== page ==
US 7480416 B2 Abstract Compact and efficient hardware architectures for implementing lifting-based DWTs, including 1-D and 2-D versions of recursive and dual scan architectures. The 1-D recursive architecture exploits interdependencies among the wavelet coefficients by interleaving, on alternate clock cycles using the same datapath hardware, the calculation of higher order coefficients along with that of the first-stage coefficients. The resulting hardware utilization exceeds 90% in the typical case of a 5-stage 1-D DWT operating on 1024 samples. The 1-D dual scan architecture achieves 100% datapath hardware utilization by processing two independent data streams together using shared functional blocks. The 2-D recursive architecture is roughly 25% faster than conventional implementations, and it requires a buffer that stores only a few rows of the data array instead of a fixed fraction (typically 25% or more) of the entire array. The 2-D dual scan architecture processes the column and row transforms simultaneously, and the memory buffer size is comparable to existing architectures. The recursive and dual scan architectures can be readily extended to the N-D case.
Claims(15) 1. Apparatus for digital signal processing, the apparatus comprising:
a cascade of digital filters connected to receive a sampled input signal or samples from a data stream and having at least an output, in which the data stream is taken from the at least an output of the cascade of digital filters and in which the digital filters implement a transform decomposed into lifting steps;
the cascade of digital filters being configured to operate on pairs of samples from the sampled input signal while leaving available idle cycles; and
a multiplexer for multiplexing the samples of the data stream with the sampled input signal, the multiplexer being configured for interleaved processing of the samples of the data stream with the sampled input signal by the cascade of digital filters during the available idle cycles.
2. The apparatus of
a buffer memory connected to receive samples from the data stream and output the samples to the cascade of digital filters for processing of the data stream that is obtained by interleaving the samples from the data stream with the sampled input signal.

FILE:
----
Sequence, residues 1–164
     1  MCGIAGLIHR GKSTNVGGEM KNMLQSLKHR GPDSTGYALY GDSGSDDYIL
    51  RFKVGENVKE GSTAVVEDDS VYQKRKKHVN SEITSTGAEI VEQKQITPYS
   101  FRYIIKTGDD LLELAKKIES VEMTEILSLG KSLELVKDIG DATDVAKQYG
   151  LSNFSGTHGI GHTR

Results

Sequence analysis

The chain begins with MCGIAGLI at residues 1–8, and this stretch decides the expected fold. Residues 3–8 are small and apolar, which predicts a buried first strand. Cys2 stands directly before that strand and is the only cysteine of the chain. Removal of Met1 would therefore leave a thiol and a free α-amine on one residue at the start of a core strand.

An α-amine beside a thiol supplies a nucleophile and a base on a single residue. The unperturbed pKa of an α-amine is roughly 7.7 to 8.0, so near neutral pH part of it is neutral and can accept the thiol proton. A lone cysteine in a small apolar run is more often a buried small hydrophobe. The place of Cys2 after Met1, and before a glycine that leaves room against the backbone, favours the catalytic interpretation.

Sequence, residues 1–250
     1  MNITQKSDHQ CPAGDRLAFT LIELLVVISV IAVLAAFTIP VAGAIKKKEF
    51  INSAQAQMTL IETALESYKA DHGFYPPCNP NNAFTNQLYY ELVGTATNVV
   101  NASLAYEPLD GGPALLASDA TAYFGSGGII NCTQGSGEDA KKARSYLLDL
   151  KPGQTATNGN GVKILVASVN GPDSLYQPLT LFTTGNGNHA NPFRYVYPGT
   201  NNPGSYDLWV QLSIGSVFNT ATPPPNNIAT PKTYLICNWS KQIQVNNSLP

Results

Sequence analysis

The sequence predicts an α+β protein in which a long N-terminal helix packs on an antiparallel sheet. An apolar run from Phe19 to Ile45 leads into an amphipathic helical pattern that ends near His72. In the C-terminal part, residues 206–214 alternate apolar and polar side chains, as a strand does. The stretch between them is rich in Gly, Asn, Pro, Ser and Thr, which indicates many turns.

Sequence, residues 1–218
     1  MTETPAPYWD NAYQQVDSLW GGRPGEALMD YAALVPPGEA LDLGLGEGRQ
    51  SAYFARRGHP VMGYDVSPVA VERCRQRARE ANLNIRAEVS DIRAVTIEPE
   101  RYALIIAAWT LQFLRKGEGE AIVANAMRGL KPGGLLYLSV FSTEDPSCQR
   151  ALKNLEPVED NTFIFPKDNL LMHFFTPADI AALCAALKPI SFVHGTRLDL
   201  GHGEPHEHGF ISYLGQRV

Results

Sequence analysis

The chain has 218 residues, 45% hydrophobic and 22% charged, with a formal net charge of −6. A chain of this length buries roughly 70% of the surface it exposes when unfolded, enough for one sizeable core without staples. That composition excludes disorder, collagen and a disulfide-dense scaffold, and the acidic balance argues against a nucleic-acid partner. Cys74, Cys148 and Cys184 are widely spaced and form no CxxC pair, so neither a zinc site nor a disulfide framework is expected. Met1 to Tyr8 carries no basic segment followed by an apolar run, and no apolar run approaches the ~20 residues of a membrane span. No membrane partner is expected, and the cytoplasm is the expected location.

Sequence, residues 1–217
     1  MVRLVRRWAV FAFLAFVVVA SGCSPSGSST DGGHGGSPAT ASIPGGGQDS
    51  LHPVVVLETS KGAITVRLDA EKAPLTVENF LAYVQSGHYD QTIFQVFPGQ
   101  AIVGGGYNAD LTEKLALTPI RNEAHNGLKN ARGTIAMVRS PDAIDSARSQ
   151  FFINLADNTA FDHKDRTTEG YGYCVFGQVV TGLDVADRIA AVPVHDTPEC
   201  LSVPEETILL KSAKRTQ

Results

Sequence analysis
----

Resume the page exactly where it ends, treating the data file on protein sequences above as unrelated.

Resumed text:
3. The apparatus of
4. The apparatus of
5. The apparatus of
6. The apparatus of
7. The apparatus of
8. The apparatus of
9. The apparatus of
10. The apparatus of
11. The apparatus of
12. The apparatus of
13. A method of transforming a sampled input signal into a transformed output signal, the method comprising the steps of:
operating on pairs of the sampled input signal with a cascade of digital filters that implements a transform decomposed into lifting steps to provide an output while leaving available idle cycles in the operation of the cascade of digital filters on the sampled input signal; and
operating on samples from the output using the cascade of digital filters, where the samples from the output have been interleaved with the sampled input signal for processing during the available idle cycles.
14. The method of
15. The method of
Description The advantages of the wavelet transform over conventional transforms, such as the Fourier transform, are now well recognized. In many application areas, the wavelet transform is more efficient at representing signal features that are localized in both time and frequency. Over the past 15 years, wavelet analysis has become a standard technique in such diverse areas as geophysics, meteorology, audio signal processing, and image compression. Significantly, the 2-D biorthogonal discrete wavelet transform (DWT) has been adopted in the recently established the new JPEG-2000 still image compression standard. The classical DWT can be calculated using an approach known as Mallat's tree algorithm. Here, the lower resolution wavelet coefficients of each DWT stage are calculated recursively according to the following equations: -
- c
_{p,q }is the q^{th }lowpass coefficient at the p_{th }resolution, - d